Sean O'Malley photo

Helena native Sean "Sugar" O'Malley celebrates his ninth MMA victory, and debut UFC win, in Las Vegas. 

HELENA — If you ask UFC bantamweight fighter Sean O’Malley how he spends his day, he won’t sugarcoat it.

“I have been a pro for five years and I learn something new every day,” O’Malley said. “It starts with training twice a day where I study jujitsu, boxing and wrestling. For me, it’s basically going to school.”

It makes sense, because a fighter’s focus can determine his or her future. One wrong move can derail momentum or possibly end their career.

But even with a mind focused on an upcoming fight, O’Malley never forgets his roots.

He returns home on Saturday to stand in Helena’s Dylin Drivdahl’s corner during his bout at Fightforce’s Helena Havoc Mixed Martial Arts event at the Lewis & Clark County Fairgrounds.

It’s a chance to support a friend he has known for seven years.

“He has a good mindset as far as training goes,” O’Malley said. “I’ve never had to get on him. I just told him to worry about yourself and everything will happen when it happens.”

The two fighters crossed paths in Helena while on the same local amateur team with Johnny Aho at Team Proven Grounds.

They never met in the cage, but O’Malley, being a few years older than Drivdahl, became a mentor of sorts.

“He’s been like an older brother really,” Drivdahl said. “He invited me to live with him down in Arizona and he’s been a huge part of my career.”

O’Malley didn’t grow up with the intention of being a UFC fighter. He just grew up loving sports.

It didn’t matter if it was basketball, baseball, football or soccer; he craved the competition.

“I’ve always wanted to compete,” O’Malley said. “I wasn’t good enough to sign with the NBA or NFL or anything, so fighting was the avenue to stay competitive, perform in front of people and make money.”

When he realized traditional schooling wasn’t for him, he found his way into a kickboxing studio and discovered what he wanted to do for the rest of his life.

Kickboxing turned into mixed martial arts two years later when he compiled a 7-2 amateur record and soon caught the eye of professional fighter Tim Welch, who invited him down to Arizona to train.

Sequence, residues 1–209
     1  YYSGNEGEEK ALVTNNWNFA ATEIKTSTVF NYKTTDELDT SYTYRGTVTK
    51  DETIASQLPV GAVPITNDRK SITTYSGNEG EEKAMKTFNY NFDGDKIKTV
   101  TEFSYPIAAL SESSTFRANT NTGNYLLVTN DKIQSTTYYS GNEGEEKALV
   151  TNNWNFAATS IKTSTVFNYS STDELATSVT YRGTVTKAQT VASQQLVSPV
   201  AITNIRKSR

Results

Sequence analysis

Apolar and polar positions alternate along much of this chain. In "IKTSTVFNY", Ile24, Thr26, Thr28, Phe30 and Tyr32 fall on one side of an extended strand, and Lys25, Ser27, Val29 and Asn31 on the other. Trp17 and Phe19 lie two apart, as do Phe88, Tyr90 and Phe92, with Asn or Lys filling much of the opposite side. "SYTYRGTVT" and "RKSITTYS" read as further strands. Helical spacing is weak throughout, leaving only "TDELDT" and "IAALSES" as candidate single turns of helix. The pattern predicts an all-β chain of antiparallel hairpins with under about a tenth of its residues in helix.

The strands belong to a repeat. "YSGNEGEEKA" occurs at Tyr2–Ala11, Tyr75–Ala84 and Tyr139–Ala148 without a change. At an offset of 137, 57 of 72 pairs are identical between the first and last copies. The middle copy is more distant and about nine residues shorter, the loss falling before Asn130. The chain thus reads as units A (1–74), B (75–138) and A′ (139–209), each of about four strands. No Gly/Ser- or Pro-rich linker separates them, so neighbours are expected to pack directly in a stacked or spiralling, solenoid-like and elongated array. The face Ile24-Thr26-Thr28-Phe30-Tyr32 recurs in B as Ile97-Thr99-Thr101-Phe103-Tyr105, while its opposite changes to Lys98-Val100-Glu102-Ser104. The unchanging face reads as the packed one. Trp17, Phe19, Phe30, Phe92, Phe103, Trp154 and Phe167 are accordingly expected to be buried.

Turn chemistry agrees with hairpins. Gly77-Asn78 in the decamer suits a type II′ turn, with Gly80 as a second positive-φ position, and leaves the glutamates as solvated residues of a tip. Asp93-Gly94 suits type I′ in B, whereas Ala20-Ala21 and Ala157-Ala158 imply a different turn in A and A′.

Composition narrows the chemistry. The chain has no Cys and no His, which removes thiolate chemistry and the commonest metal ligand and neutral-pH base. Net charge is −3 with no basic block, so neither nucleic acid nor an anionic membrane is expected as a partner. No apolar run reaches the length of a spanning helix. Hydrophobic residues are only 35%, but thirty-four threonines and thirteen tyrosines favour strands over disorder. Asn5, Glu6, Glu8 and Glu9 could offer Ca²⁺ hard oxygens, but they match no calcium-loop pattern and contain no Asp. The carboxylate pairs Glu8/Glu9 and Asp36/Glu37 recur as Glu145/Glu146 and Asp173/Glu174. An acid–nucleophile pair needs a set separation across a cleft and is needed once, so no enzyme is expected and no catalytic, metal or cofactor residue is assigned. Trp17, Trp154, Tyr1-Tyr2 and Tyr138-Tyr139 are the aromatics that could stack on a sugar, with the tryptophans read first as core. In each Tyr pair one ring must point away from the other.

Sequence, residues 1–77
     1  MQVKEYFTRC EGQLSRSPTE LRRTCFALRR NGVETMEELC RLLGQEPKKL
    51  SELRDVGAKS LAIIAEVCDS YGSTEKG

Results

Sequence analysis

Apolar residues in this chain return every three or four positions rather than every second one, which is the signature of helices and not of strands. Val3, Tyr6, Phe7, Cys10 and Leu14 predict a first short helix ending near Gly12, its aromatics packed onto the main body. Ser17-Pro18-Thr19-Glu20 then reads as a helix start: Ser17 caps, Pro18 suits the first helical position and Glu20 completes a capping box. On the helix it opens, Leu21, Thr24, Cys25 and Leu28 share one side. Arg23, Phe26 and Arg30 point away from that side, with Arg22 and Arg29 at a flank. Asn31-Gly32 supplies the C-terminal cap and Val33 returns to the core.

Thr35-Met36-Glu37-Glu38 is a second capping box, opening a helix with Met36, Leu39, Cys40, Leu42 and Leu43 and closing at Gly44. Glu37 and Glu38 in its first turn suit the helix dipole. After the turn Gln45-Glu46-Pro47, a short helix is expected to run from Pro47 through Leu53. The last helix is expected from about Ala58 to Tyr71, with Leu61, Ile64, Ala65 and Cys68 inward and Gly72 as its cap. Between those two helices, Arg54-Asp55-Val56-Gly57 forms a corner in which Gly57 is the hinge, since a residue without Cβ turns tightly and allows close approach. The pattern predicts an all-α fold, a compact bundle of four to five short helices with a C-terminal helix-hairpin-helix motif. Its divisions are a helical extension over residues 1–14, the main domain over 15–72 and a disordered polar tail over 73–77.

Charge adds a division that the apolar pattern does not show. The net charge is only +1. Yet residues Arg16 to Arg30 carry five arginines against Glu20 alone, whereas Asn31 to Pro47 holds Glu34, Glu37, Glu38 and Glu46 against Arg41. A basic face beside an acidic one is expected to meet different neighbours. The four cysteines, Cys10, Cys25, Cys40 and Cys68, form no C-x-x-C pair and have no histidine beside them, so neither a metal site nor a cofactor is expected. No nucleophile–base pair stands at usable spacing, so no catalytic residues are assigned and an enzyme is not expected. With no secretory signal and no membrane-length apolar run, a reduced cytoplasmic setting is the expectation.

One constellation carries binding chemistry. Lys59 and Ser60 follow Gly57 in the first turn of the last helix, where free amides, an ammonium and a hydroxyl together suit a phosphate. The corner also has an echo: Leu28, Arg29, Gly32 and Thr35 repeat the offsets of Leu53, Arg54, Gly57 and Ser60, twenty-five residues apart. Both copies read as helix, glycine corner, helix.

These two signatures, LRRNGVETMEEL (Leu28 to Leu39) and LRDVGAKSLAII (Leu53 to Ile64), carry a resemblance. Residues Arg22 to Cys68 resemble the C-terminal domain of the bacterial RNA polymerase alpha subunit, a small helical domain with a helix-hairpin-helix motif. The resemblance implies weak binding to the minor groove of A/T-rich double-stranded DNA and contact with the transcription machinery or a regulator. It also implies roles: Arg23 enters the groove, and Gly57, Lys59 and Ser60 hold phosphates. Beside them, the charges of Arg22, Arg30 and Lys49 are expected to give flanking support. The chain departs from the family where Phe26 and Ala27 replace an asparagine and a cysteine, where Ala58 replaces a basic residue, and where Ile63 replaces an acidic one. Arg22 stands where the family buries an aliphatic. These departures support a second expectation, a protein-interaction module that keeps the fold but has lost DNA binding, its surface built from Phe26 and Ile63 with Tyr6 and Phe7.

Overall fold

But what would his parents think?

“He saved up $2,100, jumped into his Nissan Altima, took off and we cried like hell,” O’Malley’s father, Dan, said. “He had never been out of Montana.”

While training in Glendale, just northwest of Phoenix, O’Malley’s success continued.

But it wasn’t easy.

“I started getting my ass kicked pretty early on,” O’Malley said. “I knew I had to train even harder, and even today, there are times I still get my ass kicked down here in Arizona. If I didn’t get my ass kicked, I wouldn’t be at the right gym.”

By the time May 2017 rolled around, he knocked out David Nuzzo with a spinning hook kick that earned him a spot in Dana White’s Tuesday Night Contender Series on UFC.tv. After that, he knew his career would never be the same.

It took O’Malley just 10 months to get billed on his first pay-per-view fight during UFC 222 in Las Vegas, where he defeated Andre Soukhamthath in an unanimous decision.

“With UFC, if you are winning fights your career is going up,” O’Malley said.

His father cheered him on from the stands, but his mother sometimes can’t bear to watch.

“When your son steps into a UFC octagon, it’s a whole other level of intensity,” Dan O’Malley said. “The stress level is absolutely outrageous.”

O’Malley suffered a minor setback after undergoing surgeries on his hip and foot, and served a six-month anti-doping suspension by the Nevada State Athletic Commission for having ostarine, in his system.

He hasn’t competed since UFC 222, but he looks to get back into the octagon on July 6 when he faces Marlon Vera at UFC 239.

Coming home to Helena just reminds him of when he stepped into the cage for the very first time.

“You have to start somewhere right?” he said. “I couldn’t imagine doing anything else.”

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